There is still a lot of hype around the new technologies in medical advances, but there is certainly some good promise and use cases for the industry making progress. In this case, we will be talking specifically about 3D video. Before we get started, let’s cover some basics on this technology as not to confuse it with others like 360° video and Virtual Reality. While it is typical people mistakenly use these terms interchangeably, they are not the same, even though they can seem the same or similar.
So, 360° video is video that’s only filmed in 360 degrees and has no depth of field. As far as “VR”, this is the most common, when speaking virtual reality. This type of video essentially captures a dome-like panoramic view allowing you to see in different directions, not different angles. While you can watch 360° video your cellphone combined with a 3D Headset, it’s still truly not 3D.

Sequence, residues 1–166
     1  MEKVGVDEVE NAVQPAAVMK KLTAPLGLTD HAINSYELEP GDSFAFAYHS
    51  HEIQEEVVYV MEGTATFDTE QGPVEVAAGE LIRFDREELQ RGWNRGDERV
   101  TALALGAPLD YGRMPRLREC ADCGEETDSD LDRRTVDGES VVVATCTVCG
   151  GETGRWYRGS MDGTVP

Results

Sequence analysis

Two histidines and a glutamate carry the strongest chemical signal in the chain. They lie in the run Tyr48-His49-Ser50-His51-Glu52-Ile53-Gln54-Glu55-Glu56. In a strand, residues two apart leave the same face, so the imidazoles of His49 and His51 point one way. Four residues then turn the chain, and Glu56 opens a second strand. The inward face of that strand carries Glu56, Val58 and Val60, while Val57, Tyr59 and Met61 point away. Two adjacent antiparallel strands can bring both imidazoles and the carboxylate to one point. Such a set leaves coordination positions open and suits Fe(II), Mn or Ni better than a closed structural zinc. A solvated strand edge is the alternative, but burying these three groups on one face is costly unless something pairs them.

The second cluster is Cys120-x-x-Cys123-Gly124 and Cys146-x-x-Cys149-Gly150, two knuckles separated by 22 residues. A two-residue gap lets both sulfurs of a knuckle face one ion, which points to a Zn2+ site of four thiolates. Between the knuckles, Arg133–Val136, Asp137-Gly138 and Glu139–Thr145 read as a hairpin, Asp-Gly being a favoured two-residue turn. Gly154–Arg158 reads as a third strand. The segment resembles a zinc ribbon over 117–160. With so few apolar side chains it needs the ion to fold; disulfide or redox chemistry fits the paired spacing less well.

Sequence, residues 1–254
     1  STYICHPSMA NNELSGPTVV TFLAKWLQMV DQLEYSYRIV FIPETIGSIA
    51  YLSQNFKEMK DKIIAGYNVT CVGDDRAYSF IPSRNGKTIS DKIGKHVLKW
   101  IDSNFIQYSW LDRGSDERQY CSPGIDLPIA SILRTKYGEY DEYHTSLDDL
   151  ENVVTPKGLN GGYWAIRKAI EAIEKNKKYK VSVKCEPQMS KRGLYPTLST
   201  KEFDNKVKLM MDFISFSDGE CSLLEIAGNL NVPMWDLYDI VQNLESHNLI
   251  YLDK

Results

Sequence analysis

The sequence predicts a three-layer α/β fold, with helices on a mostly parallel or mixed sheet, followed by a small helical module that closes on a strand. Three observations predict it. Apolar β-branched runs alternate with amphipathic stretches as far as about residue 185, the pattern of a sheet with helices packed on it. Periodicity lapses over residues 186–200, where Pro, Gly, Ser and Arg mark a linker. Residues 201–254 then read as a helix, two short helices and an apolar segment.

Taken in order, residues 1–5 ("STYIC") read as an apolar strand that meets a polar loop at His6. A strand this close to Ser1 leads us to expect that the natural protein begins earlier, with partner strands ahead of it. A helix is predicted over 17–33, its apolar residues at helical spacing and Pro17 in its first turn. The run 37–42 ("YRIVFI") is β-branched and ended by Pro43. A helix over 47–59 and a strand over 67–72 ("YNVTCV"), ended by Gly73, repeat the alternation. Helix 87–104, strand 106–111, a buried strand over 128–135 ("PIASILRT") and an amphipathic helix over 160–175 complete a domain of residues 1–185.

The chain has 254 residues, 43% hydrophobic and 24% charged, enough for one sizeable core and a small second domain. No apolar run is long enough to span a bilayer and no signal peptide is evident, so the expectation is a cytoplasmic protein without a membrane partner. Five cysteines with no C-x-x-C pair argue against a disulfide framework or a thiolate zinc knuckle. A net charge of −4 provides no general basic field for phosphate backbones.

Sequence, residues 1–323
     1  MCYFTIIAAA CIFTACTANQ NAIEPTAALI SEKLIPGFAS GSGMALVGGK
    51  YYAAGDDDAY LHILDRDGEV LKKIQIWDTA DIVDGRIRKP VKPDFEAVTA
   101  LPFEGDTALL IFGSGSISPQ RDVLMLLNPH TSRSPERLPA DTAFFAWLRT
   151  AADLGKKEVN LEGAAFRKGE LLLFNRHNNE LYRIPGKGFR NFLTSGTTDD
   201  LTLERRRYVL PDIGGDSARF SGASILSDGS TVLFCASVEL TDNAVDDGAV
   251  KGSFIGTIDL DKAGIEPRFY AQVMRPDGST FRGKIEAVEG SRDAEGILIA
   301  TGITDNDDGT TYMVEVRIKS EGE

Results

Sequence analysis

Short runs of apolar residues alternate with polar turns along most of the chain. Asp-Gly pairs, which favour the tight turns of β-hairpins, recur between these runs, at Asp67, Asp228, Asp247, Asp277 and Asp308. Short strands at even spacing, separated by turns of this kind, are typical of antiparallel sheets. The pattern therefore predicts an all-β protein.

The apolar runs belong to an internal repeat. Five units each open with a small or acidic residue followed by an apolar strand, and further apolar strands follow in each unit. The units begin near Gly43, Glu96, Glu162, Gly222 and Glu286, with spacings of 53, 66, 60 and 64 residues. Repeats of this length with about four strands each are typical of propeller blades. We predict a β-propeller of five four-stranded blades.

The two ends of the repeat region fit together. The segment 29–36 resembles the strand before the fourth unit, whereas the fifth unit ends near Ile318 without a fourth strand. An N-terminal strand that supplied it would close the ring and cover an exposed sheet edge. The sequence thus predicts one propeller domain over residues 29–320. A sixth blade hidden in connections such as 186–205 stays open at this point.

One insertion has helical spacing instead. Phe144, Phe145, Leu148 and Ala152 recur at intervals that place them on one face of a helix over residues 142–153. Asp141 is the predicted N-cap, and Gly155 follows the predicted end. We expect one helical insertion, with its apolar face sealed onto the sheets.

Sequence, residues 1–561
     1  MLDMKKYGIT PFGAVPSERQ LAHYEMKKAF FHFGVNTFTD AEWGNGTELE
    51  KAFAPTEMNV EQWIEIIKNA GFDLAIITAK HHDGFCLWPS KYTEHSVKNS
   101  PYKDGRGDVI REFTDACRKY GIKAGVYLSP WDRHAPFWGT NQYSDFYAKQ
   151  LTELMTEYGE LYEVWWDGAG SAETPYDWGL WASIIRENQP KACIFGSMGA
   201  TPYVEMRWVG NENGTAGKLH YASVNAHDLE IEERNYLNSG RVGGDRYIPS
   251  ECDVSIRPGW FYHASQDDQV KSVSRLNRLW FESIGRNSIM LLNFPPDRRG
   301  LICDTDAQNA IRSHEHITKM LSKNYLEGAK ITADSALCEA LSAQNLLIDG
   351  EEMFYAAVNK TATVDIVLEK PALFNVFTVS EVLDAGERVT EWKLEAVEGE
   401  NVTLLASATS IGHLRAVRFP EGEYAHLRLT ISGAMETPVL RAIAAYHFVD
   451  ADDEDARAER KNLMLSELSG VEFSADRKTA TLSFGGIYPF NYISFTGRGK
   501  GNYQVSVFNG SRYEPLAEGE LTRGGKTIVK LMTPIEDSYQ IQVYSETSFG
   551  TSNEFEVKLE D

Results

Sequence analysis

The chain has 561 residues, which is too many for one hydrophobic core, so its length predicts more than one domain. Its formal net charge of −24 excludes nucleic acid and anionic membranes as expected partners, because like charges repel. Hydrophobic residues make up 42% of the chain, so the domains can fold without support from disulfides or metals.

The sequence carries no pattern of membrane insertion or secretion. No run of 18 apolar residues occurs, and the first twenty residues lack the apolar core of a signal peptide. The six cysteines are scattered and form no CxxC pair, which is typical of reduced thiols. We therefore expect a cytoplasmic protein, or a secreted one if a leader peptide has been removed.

So, 3D is truly fascinating and is improving rapidly. This type of video gives you depth of field. Nowadays, you can simply view 3D video using a 3D headset and a newer cellphone. Using this setup, you’ll notice that the experience is comparable to what you might have seen at a 3D movie theatre, but significantly better. What’s challenging is this 3D technology is new and relatively expensive.
Again, to compare 360 video and 3D videos – the first is a full view of 360 degrees, but no depth of field. While 3D video has depth of field, but its viewpoint is somewhat restricted. Good news – with the rapid increase in technology advances 360 videos will become 360 3D videos.
You might ask, what is virtual reality (VR) then? VR is basically 3D video, but only its computer generated and not filmed. VR is really using stereoscopic rendered images, the same filming technique in a 3D video, essentially. Remember, VR content is all computer generated using such software as Unreal Engine or Unity.